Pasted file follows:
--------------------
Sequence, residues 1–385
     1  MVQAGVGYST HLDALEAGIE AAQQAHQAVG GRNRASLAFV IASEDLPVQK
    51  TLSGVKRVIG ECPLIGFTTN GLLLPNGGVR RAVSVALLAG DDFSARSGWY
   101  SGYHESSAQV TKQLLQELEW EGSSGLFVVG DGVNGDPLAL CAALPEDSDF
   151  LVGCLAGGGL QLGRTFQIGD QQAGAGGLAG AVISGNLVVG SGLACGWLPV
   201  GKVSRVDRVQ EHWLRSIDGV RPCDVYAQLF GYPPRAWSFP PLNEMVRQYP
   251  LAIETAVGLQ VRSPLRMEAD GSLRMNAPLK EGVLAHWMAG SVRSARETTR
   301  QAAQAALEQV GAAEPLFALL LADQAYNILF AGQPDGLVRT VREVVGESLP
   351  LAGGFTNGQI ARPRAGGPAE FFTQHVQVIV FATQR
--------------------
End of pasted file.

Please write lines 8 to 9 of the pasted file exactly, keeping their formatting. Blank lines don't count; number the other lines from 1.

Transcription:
   301  QAAQAALEQV GAAEPLFALL LADQAYNILF AGQPDGLVRT VREVVGESLP
   351  LAGGFTNGQI ARPRAGGPAE FFTQHVQVIV FATQR